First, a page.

DB connection closed by uWSGI in the middle of handling a request?!

I’m using an nginx, uWSGI, django, postgresql stack deployed on Ubuntu 20.04. I’m seeing random (in time and code location) errors because the database connection is unexpectedly closed during the handling of a request. I think I’ve figured out why, but it’s so weird I don’t know who’s ‘wrong’. Here’s what I’ve found out…

In my DB settings I have CONN_MAX_AGE=None, so in routine operation connections stay alive forever. There are no errors in any logs (uWSGI, Postgresql, my internal logging) - there was no reported reason why the DB connection was being closed. So I hacked the Django source to print a stack trace in the BaseDatabaseWrapper._close() method, using traceback.print_stack().

This trace makes no sense - here’s an example:

File "/deployment/v_env/lib/python3.8/site-packages/django/db/models/sql/compiler.py", line 1208, in execute_sql
  return list(result)
File "/deployment/v_env/lib/python3.8/site-packages/django/db/models/sql/compiler.py", line 1646, in cursor_iter
  for rows in iter((lambda: cursor.fetchmany(itersize)), sentinel):
File "/deployment/v_env/lib/python3.8/site-packages/django/db/models/sql/compiler.py", line 1646, in <lambda>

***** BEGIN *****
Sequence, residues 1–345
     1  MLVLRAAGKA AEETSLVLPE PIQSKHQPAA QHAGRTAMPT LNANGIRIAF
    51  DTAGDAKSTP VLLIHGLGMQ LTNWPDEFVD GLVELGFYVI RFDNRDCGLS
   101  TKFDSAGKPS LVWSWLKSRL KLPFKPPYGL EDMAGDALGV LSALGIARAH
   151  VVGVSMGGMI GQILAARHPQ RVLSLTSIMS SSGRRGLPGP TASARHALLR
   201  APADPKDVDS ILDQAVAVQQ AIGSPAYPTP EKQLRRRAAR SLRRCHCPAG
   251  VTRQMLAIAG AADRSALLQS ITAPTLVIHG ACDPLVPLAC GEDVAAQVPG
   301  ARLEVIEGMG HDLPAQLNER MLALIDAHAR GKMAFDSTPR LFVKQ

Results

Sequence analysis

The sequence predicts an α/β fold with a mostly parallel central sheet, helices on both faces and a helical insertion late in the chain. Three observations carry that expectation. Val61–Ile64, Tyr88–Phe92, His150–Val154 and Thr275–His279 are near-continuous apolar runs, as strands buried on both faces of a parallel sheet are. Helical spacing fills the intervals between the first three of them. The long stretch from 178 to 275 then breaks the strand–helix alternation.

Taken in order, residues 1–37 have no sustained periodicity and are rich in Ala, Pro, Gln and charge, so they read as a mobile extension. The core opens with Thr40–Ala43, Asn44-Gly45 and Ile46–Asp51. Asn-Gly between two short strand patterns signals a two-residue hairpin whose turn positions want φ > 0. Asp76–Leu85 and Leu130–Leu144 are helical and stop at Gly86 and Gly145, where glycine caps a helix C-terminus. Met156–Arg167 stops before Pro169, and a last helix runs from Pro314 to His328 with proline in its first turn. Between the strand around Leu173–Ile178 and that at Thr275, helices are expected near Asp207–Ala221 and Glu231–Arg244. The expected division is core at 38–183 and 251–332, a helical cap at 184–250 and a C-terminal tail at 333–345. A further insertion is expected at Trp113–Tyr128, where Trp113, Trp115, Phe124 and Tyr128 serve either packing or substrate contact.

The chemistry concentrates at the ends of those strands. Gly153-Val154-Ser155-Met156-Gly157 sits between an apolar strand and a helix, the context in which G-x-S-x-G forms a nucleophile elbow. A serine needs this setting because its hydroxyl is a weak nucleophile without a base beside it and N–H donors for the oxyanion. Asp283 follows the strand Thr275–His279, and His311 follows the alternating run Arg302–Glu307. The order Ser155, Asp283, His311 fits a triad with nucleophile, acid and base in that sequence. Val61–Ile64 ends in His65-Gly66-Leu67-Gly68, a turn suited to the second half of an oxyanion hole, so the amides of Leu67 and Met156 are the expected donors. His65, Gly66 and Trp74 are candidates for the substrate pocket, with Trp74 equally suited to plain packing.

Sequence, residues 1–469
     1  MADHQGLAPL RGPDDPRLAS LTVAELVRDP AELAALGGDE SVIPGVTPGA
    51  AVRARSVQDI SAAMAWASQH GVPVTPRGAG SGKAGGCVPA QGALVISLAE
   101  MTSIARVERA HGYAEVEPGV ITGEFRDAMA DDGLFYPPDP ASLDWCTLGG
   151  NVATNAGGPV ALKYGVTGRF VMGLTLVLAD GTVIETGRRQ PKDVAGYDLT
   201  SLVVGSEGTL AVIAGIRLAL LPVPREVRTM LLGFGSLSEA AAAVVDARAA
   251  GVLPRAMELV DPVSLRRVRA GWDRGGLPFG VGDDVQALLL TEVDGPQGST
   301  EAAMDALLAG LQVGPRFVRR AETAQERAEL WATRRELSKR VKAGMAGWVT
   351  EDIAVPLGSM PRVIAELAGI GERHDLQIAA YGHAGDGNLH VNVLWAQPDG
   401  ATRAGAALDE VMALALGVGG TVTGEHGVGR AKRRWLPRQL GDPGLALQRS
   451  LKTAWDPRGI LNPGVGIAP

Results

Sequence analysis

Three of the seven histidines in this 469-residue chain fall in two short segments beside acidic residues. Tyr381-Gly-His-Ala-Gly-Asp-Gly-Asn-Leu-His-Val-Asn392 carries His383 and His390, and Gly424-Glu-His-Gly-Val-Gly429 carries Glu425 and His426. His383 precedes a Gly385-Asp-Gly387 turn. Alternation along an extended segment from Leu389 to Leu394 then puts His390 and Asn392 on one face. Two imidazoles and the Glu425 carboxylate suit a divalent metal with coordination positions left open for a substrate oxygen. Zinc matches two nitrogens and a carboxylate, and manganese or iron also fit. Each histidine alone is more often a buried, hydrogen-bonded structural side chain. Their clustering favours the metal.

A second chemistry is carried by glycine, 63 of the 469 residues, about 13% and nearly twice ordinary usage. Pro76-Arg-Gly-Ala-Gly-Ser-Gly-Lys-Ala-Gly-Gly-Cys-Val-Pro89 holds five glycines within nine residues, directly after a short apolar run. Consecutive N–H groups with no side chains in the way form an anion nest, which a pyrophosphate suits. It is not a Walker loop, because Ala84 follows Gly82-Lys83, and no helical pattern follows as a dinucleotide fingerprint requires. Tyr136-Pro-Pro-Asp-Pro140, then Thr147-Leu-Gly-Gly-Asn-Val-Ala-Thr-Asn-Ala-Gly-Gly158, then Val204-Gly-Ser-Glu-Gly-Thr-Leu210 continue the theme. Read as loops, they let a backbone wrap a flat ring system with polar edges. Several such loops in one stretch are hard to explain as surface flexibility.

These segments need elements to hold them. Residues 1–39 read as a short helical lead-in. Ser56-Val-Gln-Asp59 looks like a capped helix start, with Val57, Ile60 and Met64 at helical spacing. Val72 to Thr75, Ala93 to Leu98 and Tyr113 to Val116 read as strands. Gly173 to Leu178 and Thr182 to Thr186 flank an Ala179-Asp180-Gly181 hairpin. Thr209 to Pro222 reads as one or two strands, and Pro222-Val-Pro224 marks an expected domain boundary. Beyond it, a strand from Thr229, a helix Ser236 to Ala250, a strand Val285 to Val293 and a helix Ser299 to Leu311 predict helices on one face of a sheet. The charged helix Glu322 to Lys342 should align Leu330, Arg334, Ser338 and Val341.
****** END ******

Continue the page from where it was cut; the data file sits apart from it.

for rows in iter((lambda: cursor.fetchmany(itersize)), sentinel):
File "/deployment/v_env/lib/python3.8/site-packages/django/http/response.py", line 292, in close
File "/deployment/v_env/lib/python3.8/site-packages/django/dispatch/dispatcher.py", line 180, in send
  return [
File "/deployment/v_env/lib/python3.8/site-packages/django/dispatch/dispatcher.py", line 181, in <listcomp>
  (receiver, receiver(signal=self, sender=sender, **named))
File "/deployment/v_env/lib/python3.8/site-packages/django/db/__init__.py", line 38, in close_old_connections

In the middle of Django building a query, we have a call to HttpResponseBase.close(). This makes no sense - there’s no way that the caller shown in the stack made this call. I have many other examples with different upper call stacks - in all cases the call to close() appears to be injected from nowhere.

Now this method is called by uWSGI from the C runtime…so I’m thinking, is this normal? If you have a separate C thread call Python at some random time, does it simply inject into the call stack in this way? I’ve not been able to find out if that’s the case.

Let’s assume this is what is happening and that it’s actually okay - a big assumption but I’ve looked at the uWSGI source and it certainly takes lots of precautions to acquire the GIL before interacting with Python so it looks okay.

So maybe the HTTP client is closing the connection early, uWSGI closes the response, and we end up with that stack trace I’m seeing. So why is Django closing the DB connection if this is all correct?

Well, it’s doing that because Django’s end-of-request handling will close the DB connection if required or it’s in a mess. A DB transaction was in effect before the HttpResponseBase.close() call hijacked the call stack, and the BaseDatabaseWrapper.close_if_unusable_or_obsolete method has this line: